Pub will be buzzing when 'Punch' runs Trainer Barbara likes odds at local tavern he owns

June 08, 1996|By Tom Keyser | Tom Keyser,SUN STAFF

ELMONT, N.Y. -- Every horse race has its charming story, and the 128th Belmont has Bobby Barbara, Jamies First Punch and Esposito's Tavern.

Barbara, 43, is the trainer of Jamies First Punch, one of eight newcomers challenging seven horses from the Kentucky Derby or Preakness in today's Belmont Stakes.

Barbara is Brooklyn through-and-through, a hard-working, fun-loving fellow who rings in the dawn with his horses and rings out daylight with a beer.

When he was 11, he started riding his older brother's horse at a Brooklyn riding academy. A natural, he soon was riding in horse shows. When he was 14 or 15, a couple of boys from the academy started racing quarter horses.

"I was the smallest one, and the most agile, so they threw me up there on them," said Barbara, who is 5 feet 7.

At 16, he started riding at racetracks, mainly Aqueduct and Belmont. But by 18, he was so emaciated from trying to maintain his weight that doctors forced him to quit.

"They told me I was 20, 30 pounds dehydrated," said Barbara, who weighed 105. "In three days I gained 20 pounds just from putting fluids back in my body."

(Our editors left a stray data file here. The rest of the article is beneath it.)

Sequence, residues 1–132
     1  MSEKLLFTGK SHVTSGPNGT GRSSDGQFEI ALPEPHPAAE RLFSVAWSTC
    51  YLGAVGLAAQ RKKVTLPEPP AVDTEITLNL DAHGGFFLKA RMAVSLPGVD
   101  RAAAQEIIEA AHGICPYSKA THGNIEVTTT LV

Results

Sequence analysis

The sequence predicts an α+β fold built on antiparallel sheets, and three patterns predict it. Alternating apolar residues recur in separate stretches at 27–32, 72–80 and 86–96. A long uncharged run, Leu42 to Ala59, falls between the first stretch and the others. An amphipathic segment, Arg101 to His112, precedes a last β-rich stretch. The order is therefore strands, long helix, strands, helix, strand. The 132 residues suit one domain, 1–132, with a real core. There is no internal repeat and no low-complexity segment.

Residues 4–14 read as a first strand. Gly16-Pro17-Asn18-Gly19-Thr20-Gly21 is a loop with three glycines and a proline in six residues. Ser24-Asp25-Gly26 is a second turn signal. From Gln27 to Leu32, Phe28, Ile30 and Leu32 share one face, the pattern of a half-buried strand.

He eventually started training horses -- one, then two, then four, "and little by little things happened over the years," he said.

Now he trains 36, including the 3-year-old gelding Jamies First Punch, who has won five of seven races, including the Peter Pan Stakes at Belmont, in which he blew past Unbridled's Song.

Many locals give Jamies First Punch a big shot in today's Belmont.

That brings us to Esposito's (or Espo's, as the locals call it), a tavern across Plainfield Avenue from Belmont Park's back side. Opened in 1936 by Gilda and Arthur Esposito, and later run by their sons John and Arthur Jr., Esposito's gained legendary status as a haven for horse folks not only from New York, but from around the country.

When Arthur Jr. died last year, John put the place up for sale. And Barbara, who had been dropping in for at least 15 years, bought it along with two partners.

Esposito's has a tradition, painting the picket fence the colors of the Belmont winner's silks, and those colors remain until next year's Belmont.

With a crooked smile and a sparkle in his eyes, Barbara promises to maintain tradition. And, just for the record, the silks worn by the jockey aboard Jamies First Punch are yellow and purple.

Meanwhile, one trainer not smiling is Sonny Hine, at least when discussing post-position draws.

Hine trains Skip Away, who is owned by his wife Carolyn, a native of Highlandtown. For the third straight time in a Triple Crown race, their colt drew a hideous post position.

Skip Away drew No. 13 in a field of 15 in the Belmont -- after drawing No. 11 in a field of 12 in the Preakness and No. 17 in a field of 20 in the Kentucky Derby (later changed to 16 after one horse scratched).

"It's very sad, really shocking to me," Hine said. "Somewhere along the line, you'd think we'd get a good draw."

Pub Date: 6/08/96

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